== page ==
Norwich City chief executive David McNally throws down the gauntlet to Norfolk’s tourism businesses
Norwich City chief executive David McNally yesterday threw down the gauntlet to Norfolk's tourism businesses urging them to use the global recognition of the Premier League club to help them harness their potential and bring in thousands more visitors to the city and county.
With the Canaries riding high in football's top tier and inching towards a second season in the top flight, Mr McNally said there was never a better time for tourism businesses to join forces with the club to promote their brands.
Speaking at the launch of the EDP/Larking Gowen Tourism Business Survey, Mr McNally said premier league status had given the club access to a worldwide audience of 648m homes across in 210 countries from around the world.
Matchdays visitors to the club were more than 650,000 last year, but the club was also hosting 200,000 non-match day visitors in the off season including as an established venue for concerts.
And he said the club wanted to work with the tourism industry from restaurants to hotels to visitor attractions to tap into that.
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'That's the reach, that's the big stats,' he said. 'I don't think we do enough to help you with these opportunities, so I'm saying come to us, we're happy to help you.
'But I also don't think that you do enough to make the most of these opportunities,' he added. 'It's a two-way street. This is a huge football club and as long as it remains in the Premier league it will always remain massive.'
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Ian Hacon, chief executive of Blue Sky Leisure, which runs the Kelling Heath holiday park and Zaks restaurant chain, backed the idea of tourism businesses working more closely with the club.
'We have worked creatively with the club in the past in terms of using their database for marketing initiatives and we have found that quite successful,' Mr Hacon said. 'I can see the link and a big percentage of the people who come to Kelling Heath are from Norfolk so there's definitely a benefit in working with Norwich City.
Alan Carr, head of tourism at Great Yarmouth Borough Council, said the town had definitely seen a surge in football fans opting to make a trip or stay in the town.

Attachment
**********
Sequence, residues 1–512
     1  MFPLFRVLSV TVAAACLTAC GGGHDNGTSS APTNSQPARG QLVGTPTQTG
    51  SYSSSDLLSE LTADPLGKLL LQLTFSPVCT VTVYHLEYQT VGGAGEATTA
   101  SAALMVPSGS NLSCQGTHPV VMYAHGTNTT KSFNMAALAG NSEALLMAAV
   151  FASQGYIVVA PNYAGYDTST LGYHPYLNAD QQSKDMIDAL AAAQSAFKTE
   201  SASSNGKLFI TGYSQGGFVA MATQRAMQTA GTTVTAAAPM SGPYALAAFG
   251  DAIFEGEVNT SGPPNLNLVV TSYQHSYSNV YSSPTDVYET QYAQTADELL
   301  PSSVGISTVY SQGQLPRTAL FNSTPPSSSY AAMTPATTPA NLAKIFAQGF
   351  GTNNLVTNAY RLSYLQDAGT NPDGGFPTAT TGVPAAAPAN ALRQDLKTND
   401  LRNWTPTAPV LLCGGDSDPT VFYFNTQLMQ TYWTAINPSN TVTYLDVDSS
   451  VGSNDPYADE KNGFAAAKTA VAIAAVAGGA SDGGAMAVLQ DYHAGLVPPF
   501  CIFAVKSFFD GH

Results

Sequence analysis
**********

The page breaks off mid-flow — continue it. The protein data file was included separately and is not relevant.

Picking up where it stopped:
'You can see the scarves just when you are driving around,' he said. 'We are sure they are staying in Great Yarmouth. The potential is huge.'
Mr McNally's clarion call came as leading tourism firms from across Norfolk lobbied the county's MPs at Westminster yesterday as part of a joint bid to promote the benefits of the county as a visitor destination.
Representative from brands ranging from Hoseasons, Norfolk Broads Direct and Wroxham Barns were spelling out why the tourism industry was crucial for those who live and work in the Broads area as it seeks to make the most of the special status it has received from Visit England to secure international recognition as a leading holiday area.
Meanwhile a second delegation, which included New Anglia chairman Andy Wood, county councillors and Forestry Commission officials, lobbied on behalf of tourism businesses in the Brecks, which includes Thetford Forest. The delegation voiced fears that the area, which generates �213m to the local economy and supports 4,500 tourism jobs lacks a clear identity which is stifling growth and income generation.
South-Norfolk MP Elizabeth Truss backed the Brecks campaign, and said we would work in tandem with neighbouring MPs George Freemand and Matthew Hancock to help.
'The area provides tremendous opportunity for the wider economy and job creation and I want to ensure that it receives the recognition it deserves,' she said. 'The Brecks Food festival, recreation and access to fabulous wildlife and bio-diversity need to be showcased to a wider audience. The dualling of the final section of the A11, improved signage, better train links and a greater presence on the web will all help to promote the Brecks as a destination in its own right.'